Four years. That's how long Sgt. Bowe Bergdahl has been a prisoner of the Taliban. The soldier from Hailey, Idaho remains the lone American POW from the Afghan conflict. Now, Bergdahl's parents are calling on the U.S. to reach an agreement that will bring their son home. But as correspondent Jessica Robinson reports, any deal hangs precariously on peace talks involving the Taliban, and the weekend saw yet another setback.
More than 1,500 people gathered in the sun at a park in Hailey over the weekend. The rally here for Sgt. Bowe Bergdahl had taken on a spirit celebration. Just days before, the Taliban said publicly was willing to release the 27-year-old in exchange for five senior Taliban operatives the U.S. is holding at Guantanamo Bay.
When Bergdahl's father, Bob, took the stage, there was optimism in his voice.
Bergdahl: “I will not leave you on the battlefield, Bowe. These people here will not leave you on the battlefield. Your country will not leave you on the battlefield. You are not forgotten! You will not be forgotten!”
For four long years, Bergdahl's hometown near Sun Valley has followed the ups and downs of maybes and maybe-nots in attempts to bring Bowe home. This year, Debbie O'Neill, a friend of Bob and Jani Bergdahl, arranged to have trees planted for each year of Bowe's captivity.
O'Neill: “We don't want to plant a fifth tree. It's not acceptable to have an American be held a POW.”
The up-mood inspired by last week's Taliban offer of a prisoner swap lasted through Saturday. But by Sunday, the tenuous preparations in Qatar started breaking down. Secretary of State John Kerry expressed doubts that the Taliban and the U.S. would be able to come to the negotiating table any time soon.
Talks with the Taliban appear to be the most likely path home for Bowe Bergdahl. But even this route isn't certain. The idea of negotiating with the militant group has already started raising hackles on radio and TV talk shows.
Fox & Friends: “We're now negotiating … with terrorists!”
On Point caller: “And I'd like to add that I'm, as a woman, incensed that my government is talking to the Taliban.”
Michael Chertoff on CNN: “We also have to be very careful about releasing people who are the worst of the worst.”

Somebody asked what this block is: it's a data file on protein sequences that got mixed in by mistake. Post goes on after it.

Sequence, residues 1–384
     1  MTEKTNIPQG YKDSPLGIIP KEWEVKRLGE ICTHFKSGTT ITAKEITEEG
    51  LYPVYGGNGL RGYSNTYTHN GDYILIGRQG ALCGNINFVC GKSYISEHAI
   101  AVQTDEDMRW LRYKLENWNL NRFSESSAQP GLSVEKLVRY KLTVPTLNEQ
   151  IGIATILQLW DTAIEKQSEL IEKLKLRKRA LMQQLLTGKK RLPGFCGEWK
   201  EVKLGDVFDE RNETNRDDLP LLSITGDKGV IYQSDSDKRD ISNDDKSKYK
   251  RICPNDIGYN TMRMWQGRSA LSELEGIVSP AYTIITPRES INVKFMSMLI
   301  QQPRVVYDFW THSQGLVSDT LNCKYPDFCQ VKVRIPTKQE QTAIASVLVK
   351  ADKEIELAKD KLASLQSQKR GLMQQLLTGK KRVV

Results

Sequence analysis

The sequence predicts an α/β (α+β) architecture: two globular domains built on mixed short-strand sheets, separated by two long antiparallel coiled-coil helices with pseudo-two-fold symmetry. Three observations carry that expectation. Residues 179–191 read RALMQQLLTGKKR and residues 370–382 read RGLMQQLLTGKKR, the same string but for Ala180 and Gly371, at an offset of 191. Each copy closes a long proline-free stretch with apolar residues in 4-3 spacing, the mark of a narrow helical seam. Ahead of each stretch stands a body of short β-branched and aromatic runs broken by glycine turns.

Adding to the complexity of the situation is speculation about how Bergdahl was captured in the first place. Early reports indicated he walked off his base in southern Afghanistan.
But that didn't stop hundreds of members of veteran and POW support groups coming to the Bring Bowe Back rally. Some rode more than a thousand miles by motorcycle. Navy vet Bill Atkinson has helped raise money to put up billboards of Bergdahl outside Chicago. He says he doesn't care what agreement the U.S. has to make for the soldier's safe return.
Atkinson: “I mean there's always deals being made by this country. And to not do whatever we can to get him home, I think is sinful.”
From the stage, Bowe's father, Bob Bergdahl, described a son who sought adventure and joined the military because he wanted to help the Afghan people. Since his son's capture, Bob Bergdahl has studied the Quran. He's let his beard grow out, giving him a resemblance to how Bowe's captors look in Taliban propaganda videos.
Bob recited a message to the crowd in the Pashto [puhsh-toh] language.
Bergdahl: “'May the peace of God and the blessings that come from God be upon you.' May we somehow, after 12 long years, find peace in Afghanistan, so that our soldiers and our American personnel come home. Can we push this forward and make this happen, I plead to Almighty God.”
In his 10-minute speech, the normally reclusive Bergdahl addressed the Taliban directly. He asked them to look at him just as father hoping to see his son again.
Copyright 2013 Northwest Public Radio